I wonder why the media fails to cover this.

There seems to be a clear bias here, otherwise, before the attack on Sept. 11, TWA 800 and Oklahoma City were both linked to Muslims and, even though the allegations turned out to be false, they were victimized by repressive measures such as the use of secret evidence which does not even allow the accused to defend themselves (Whatever happened to “due process”?) and passenger profiling.

Also “increased Islamic terrorist” attacks were falsely linked with the month of Ramadan without any evidence, thus creating hysteria against Arab Americans and Muslims.

An excellent example of the bias is the media sensation caused by the arrest of Ahmed Ressam at the U.S.- Canadian border in late 1999, allegedly for carrying explosives. This caused increased harassment of Muslims and Arabs by airlines and Arabs with visa violations were treated as “terrorist suspects.” Not only that, but for two weeks it was top news, and there was much speculation of his links to bin Laden, as well as about the global Muslim conspiracy against the United States.

Yet, on December 28, 1999, the very year Ressam was arrested, an American Airlines mechanic was arrested for allegedly having a large arms and explosives cache in his home. This man, with access to commercial aircraft, also allegedly had white supremacist and racist literature in his home.

And yet, after brief mentions only on the day of his arrest, the story disappeared. No endless speculation about his motives, “no terrorist experts” questioning him about being part of a wider conspiracy.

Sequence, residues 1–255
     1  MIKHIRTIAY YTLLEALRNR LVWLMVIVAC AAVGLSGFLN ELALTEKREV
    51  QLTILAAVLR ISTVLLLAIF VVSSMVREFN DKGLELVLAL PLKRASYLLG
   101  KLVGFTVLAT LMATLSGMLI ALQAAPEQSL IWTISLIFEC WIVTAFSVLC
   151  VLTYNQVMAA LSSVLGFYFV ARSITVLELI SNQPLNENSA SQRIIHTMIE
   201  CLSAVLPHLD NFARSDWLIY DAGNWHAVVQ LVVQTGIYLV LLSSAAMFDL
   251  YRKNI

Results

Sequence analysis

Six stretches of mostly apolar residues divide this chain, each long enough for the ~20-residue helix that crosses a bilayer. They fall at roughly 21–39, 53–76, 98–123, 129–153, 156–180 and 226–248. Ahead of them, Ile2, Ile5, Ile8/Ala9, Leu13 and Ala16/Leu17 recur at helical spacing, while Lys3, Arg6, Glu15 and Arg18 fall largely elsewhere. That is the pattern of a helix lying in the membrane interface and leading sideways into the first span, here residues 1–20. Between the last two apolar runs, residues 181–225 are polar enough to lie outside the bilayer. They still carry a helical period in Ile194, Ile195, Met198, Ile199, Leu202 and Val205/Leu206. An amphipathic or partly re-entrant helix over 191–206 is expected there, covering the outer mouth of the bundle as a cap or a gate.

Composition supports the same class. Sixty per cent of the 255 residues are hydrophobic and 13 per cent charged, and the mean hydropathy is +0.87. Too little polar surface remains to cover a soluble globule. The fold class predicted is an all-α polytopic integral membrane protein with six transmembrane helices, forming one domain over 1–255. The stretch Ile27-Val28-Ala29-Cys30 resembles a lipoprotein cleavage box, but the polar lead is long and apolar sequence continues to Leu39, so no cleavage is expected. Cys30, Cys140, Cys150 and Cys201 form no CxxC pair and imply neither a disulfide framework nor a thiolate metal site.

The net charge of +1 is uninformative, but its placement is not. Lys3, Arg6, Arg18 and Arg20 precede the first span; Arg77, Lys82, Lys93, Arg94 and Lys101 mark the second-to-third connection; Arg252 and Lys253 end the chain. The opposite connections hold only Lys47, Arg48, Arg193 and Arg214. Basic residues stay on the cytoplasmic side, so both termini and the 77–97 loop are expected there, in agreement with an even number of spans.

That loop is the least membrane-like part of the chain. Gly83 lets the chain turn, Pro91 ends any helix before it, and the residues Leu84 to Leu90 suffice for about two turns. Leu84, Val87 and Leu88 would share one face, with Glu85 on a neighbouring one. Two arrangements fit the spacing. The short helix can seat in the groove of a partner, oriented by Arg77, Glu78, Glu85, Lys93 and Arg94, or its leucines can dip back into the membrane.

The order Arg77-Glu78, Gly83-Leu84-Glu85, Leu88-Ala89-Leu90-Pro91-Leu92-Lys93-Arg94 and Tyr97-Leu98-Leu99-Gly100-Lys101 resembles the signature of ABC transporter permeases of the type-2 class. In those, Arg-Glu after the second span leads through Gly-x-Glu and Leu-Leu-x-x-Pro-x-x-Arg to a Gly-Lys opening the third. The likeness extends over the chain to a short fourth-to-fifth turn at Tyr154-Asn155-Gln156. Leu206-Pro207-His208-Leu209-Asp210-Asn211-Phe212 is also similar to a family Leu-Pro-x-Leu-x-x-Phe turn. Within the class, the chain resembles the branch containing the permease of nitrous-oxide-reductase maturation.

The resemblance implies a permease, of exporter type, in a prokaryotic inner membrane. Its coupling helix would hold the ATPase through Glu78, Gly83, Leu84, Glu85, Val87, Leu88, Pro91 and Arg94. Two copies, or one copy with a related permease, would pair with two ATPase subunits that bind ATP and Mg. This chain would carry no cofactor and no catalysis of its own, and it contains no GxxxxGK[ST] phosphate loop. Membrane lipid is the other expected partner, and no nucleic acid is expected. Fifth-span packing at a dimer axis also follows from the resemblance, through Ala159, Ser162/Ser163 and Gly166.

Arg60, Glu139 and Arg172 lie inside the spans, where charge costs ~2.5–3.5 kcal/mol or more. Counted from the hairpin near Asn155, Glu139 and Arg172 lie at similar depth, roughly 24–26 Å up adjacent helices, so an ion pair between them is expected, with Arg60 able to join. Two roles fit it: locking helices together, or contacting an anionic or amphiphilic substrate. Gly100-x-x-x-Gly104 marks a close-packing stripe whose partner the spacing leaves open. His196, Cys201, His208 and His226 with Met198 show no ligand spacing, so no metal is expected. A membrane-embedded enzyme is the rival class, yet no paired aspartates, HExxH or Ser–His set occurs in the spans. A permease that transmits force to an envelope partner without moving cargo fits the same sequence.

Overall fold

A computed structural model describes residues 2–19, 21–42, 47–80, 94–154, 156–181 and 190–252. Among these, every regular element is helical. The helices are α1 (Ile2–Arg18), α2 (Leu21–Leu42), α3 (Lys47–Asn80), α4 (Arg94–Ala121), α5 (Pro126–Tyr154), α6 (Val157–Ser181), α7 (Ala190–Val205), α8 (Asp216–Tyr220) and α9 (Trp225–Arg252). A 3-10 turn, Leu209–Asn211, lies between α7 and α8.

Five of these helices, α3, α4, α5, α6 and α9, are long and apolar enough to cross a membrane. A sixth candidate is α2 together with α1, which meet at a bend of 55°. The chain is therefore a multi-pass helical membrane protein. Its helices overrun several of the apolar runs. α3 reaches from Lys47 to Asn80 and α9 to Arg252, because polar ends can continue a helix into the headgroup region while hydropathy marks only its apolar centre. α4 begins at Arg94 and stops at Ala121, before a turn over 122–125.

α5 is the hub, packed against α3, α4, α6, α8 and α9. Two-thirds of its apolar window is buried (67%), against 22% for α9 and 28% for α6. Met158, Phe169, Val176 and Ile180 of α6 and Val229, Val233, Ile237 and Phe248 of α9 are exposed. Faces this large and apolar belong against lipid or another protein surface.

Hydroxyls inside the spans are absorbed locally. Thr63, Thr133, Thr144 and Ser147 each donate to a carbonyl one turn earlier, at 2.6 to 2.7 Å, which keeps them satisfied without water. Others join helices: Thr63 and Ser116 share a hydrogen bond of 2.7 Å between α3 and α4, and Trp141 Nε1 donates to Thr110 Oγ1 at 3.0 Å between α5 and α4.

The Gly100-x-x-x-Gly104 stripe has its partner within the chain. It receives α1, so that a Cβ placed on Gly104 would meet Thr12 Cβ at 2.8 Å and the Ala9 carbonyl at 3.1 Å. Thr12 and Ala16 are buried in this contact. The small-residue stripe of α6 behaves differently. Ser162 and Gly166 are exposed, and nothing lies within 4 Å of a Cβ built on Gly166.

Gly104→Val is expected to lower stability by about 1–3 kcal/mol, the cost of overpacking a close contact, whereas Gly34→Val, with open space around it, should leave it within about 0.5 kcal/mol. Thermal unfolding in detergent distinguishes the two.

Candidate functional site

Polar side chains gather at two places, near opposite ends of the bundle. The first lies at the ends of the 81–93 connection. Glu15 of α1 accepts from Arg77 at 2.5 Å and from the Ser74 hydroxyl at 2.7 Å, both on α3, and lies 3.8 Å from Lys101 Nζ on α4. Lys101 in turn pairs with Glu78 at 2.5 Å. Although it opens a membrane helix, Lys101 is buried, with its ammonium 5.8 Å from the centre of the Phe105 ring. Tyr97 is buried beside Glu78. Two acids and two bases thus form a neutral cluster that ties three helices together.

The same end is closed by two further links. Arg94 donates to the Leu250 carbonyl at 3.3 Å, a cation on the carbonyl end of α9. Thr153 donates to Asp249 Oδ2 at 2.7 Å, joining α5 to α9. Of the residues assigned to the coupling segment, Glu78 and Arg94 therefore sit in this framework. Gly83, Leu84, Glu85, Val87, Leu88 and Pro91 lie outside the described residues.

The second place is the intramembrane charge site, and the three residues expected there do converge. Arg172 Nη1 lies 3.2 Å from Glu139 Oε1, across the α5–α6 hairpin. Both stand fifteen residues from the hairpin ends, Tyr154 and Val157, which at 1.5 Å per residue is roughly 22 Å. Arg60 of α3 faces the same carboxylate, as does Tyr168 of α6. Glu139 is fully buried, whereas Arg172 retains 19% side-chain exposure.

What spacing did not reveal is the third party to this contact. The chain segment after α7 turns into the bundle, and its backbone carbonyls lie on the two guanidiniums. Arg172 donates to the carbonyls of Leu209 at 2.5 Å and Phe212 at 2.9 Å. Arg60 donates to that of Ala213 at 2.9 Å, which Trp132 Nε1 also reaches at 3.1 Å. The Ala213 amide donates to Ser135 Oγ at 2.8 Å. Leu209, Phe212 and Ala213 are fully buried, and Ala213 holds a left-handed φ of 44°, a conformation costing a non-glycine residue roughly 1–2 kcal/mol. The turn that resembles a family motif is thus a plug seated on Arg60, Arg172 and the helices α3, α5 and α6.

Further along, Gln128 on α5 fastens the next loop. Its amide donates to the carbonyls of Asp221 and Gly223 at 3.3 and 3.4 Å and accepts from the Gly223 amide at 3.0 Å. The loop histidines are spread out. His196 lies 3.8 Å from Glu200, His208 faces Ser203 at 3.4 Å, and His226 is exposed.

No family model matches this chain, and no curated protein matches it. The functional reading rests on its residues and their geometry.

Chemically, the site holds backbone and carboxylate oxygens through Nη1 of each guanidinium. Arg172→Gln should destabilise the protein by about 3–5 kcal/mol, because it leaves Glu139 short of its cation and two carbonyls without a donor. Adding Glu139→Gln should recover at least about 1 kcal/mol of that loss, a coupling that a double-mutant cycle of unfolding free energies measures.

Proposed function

This double standard is very strange, given that in 1999, the deadliest attack on U.S. soil was by Tim McVeigh.

Not only that, but there is no mention in his article about “feared violence by millennialist Christians,” who, back in 2000, were presented as extremists or loonies, and were not generalized as representatives of “Christian terrorism.”

There is a clear double standard that exists and there is a lot of evidence for it. If Mr. Tatangelo wants to focus on anti-U.S. terrorism, then he should also profile Latin Americans and white supremacists because the threat of in-land terrorism originating from there also exists.

The truth is that barbarism has no ethnicity and the Sept. 11 attacks only helped create a justification for a bias against Arab Americans and Muslims that had already existed long before we were all shaken and distressed.

  • Adnan Arif is a senior majoring in marketing and management information systems.

    Professor a poor, misleadingrepresentation for USF

    This is the first letter of what could be many. On Wednesday, USF professor Sami Al-Arian appeared on The O?Reilly Factor, which airs on Fox News. I sat there in amazement as Bill O?Reilly interviewed Mr. Al-Arian. O?Reilly and Al-Arian discussed Al-Arian?s relationships with known terrorist leaders. Al-Arian described the relationships as ones of intellectual colleagues. I, for one, believe that Mr. Al-Arian should not be held accountable for the acts of men he once knew that were living here in America.

    However, Mr. Al-Arian must be held accountable, like all of us, for his own actions. Near the end of the interview, Bill O?Reilly asked Al-Arian about a speech Al-Arian gave in 1988 in Cleveland. Here is a sampling of the speech, “Jihad is our path ? Death to Israel ?”

    Jihad is the holy war for the militant Muslims. Bin Laden explains the terrorists attacks that have happened over the last decade as “this is jihad.” I am not accusing Mr. Al-Arian of being a terrorist. His own words have defined him as a racist.

    “Death to Israel” ? those words can not be tolerated at an institution of higher learning. These words can not be tolerated by the students, faculty and administration of a public university that is trying to grow and become well respected in this nation. This man caused the University of South Florida to be portrayed in a negative light. There can be no room at this school for men with hidden agendas.

  • Michael F. Fulford is a junior majoring in business management.